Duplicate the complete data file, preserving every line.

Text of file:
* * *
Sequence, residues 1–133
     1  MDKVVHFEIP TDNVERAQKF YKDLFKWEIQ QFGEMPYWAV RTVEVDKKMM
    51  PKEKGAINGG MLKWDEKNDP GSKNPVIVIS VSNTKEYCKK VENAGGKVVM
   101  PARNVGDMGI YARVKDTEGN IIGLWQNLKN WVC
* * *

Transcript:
Sequence, residues 1–133
     1  MDKVVHFEIP TDNVERAQKF YKDLFKWEIQ QFGEMPYWAV RTVEVDKKMM
    51  PKEKGAINGG MLKWDEKNDP GSKNPVIVIS VSNTKEYCKK VENAGGKVVM
   101  PARNVGDMGI YARVKDTEGN IIGLWQNLKN WVC